Here's why you shouldn't freak out about that 'cell phones cause cancer' study
It's scary to hear that cellphones - devices that most of us have with us all the time - have been linked to cancer by a government study.
But despite any headlines you may have seen, there's still not enough information or evidence for the average person to be concerned by these findings.
"I'm not going to stop using my mobile phone in the light of this," Kevin McConway, emeritus professor of applied statistics at The Open University, said in a statement to the Australian and UK Science Media Centre.
Here's why you shouldn't panic
The latest results that we have access to are very preliminary findings from a peer-reviewed study conducted by the US National Toxicology Program (NTP). That experiment looked at the effects of cell phone radiation on a number of rats, and we won't see the full findings until at least later on this year.
So far, the released NTP data show a very weak link between excessive cell phone radiation exposure and the risk of developing some cancers. Specifically, male rats that were exposed to full-body doses of radiation for nine hours a day - from before the time they were born until they were just over two years old - were slightly more likely to develop brain and heart cancers than rats not exposed to that radiation.
It's an interesting finding, and one that could explain a mechanism by which radiation like that from cell phones could potentially cause cancer. That potential causal mechanism was enough to convince some involved with the study to release that information to the website Microwave News, which wrote about the results before NTP released the data.
If these results were to directly apply to humans, that would be scary. And if cell phone use increased human cancer rates even two or three percent (approximately the increased risk seen in rats), that would be a vast increase in the number of cancer cases across the globe.
But that's not what the data released so far shows, and extensive studies of human cell phone use certainly don't show cancer rates increasing in that way.
So far it's a stretch to apply this study to humans
First and foremost, rats are not humans, and many of the ways we test things on animals mean we find results there that don't end up translating to humans.
But the differences between the rats that did develop tumors in the experiment and the rats that did not leave us with a lot of questions.
Groups of rats were exposed to radiation at three different levels. These radiation levels were much higher than the levels most people are exposed to. Also, the rats were exposed to this radiation from before they were born to the end of the study for a full nine hours a day - not exactly replicating real-world human cellphone usage.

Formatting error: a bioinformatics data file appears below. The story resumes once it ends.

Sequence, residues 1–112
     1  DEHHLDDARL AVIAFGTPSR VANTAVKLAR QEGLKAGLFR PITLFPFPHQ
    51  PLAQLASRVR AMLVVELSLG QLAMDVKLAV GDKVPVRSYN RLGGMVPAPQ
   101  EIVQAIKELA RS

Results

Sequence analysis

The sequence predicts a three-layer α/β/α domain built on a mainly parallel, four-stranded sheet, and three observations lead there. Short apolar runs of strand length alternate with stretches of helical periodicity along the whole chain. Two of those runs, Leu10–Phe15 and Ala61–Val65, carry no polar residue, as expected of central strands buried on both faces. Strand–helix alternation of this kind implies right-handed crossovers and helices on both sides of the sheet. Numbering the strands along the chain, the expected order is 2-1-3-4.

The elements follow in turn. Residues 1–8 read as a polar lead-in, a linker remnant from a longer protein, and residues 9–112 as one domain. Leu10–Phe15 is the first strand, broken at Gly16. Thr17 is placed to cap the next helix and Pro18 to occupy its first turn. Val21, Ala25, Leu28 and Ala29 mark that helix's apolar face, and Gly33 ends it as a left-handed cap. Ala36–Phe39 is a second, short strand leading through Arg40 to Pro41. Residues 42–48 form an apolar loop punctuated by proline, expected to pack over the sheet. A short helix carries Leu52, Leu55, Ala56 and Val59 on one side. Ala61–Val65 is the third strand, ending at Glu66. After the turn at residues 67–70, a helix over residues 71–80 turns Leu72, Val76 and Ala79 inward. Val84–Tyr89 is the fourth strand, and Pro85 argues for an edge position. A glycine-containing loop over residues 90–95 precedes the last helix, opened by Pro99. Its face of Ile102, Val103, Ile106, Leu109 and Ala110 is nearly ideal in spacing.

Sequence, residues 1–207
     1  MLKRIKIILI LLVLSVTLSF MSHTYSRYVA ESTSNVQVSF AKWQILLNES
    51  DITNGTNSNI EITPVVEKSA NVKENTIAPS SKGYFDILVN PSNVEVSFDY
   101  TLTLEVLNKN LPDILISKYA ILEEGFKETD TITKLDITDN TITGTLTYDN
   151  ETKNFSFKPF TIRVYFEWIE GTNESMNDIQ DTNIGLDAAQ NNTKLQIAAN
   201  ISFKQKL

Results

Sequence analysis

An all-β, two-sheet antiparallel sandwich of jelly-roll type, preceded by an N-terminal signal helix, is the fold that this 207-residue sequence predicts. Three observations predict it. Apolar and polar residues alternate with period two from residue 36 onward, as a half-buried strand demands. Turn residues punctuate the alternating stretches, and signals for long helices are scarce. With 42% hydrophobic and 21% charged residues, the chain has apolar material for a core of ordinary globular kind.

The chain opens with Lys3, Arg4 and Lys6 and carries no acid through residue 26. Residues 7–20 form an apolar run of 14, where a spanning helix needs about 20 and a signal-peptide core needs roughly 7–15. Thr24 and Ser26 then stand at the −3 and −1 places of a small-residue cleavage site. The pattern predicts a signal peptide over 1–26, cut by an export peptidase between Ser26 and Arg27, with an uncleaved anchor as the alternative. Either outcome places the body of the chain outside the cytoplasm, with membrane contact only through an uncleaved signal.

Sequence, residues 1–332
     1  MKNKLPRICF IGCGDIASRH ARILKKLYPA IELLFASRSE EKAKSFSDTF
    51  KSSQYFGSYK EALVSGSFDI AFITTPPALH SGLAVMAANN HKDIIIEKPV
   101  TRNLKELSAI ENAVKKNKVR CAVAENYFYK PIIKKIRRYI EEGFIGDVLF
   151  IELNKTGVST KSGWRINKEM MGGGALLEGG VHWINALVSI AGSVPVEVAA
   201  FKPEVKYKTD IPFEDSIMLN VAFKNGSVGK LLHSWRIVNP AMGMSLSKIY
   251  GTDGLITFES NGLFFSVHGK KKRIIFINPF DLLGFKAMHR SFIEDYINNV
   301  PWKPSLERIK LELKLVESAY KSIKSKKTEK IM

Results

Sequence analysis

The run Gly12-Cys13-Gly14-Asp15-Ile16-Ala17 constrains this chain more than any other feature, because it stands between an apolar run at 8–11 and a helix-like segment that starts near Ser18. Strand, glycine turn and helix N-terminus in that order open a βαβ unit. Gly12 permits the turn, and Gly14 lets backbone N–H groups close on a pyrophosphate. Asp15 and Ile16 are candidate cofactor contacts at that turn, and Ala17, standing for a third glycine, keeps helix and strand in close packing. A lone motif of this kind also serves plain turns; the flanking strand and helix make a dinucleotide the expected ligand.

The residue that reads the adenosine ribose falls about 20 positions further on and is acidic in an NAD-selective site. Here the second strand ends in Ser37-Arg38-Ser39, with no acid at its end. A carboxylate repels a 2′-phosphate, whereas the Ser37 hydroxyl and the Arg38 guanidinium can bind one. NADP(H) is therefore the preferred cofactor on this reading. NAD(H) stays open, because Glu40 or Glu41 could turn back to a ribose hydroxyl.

"I understand from information in the report that the lowest radiation levels used were somewhere around the safety limits imposed on mobile phone manufacturers, for the radiation when one is actually using the phone," said McConway. "It's certainly not yet obvious how these high-dose results in rats might tell us anything about normal levels of human mobile phone use."
Male rats exposed to radiation were more likely to develop tumors, but exposed rats were also more likely to survive the two-year test period than rats who were not exposed.
This "is counter intuitive given that the increased tumour rates normally lead to reduced lifespan," Rodney Croft, Director of the Australian Centre for Electromagnetic Bioeffects Research, told the Science Media Centre.
Strangely, while an increased cancer risk was found in male rats, there was no increased cancer risk for female rats. And strangely, none of the rats in the control groups developed these brain tumors, which is not normal - some cancers would be expected in the control groups, too.
"The NTP study will thus need to be fully evaluated once further details become available, and considered within the context of RF emissions science as a whole," said Croft. "At present though, and particularly given a range of uncertainties regarding its results, the NTP report does not provide reason to move from the current scientific consensus that mobile phone-like exposure does not impact health."
The study gives us interesting information and definitely contributes to the discussion of the potential health impacts of cellphones. But for now, these results aren't quite as "explosive" as they've been described.
Scientists have previously said there's a possible chance that cell phone use could cause cancer (like almost everything ever studied, pickled vegetables and coffee included), but that so far, we haven't seen increased cancer incidence in humans that we can directly say comes from cell phone use.
"There has been much previous research on this topic, some of which has found no evidence of any risk, and some of which has found limited evidence of a small risk with heavy phone use. I don't think that these NTP results have moved us on from that yet," said McConway.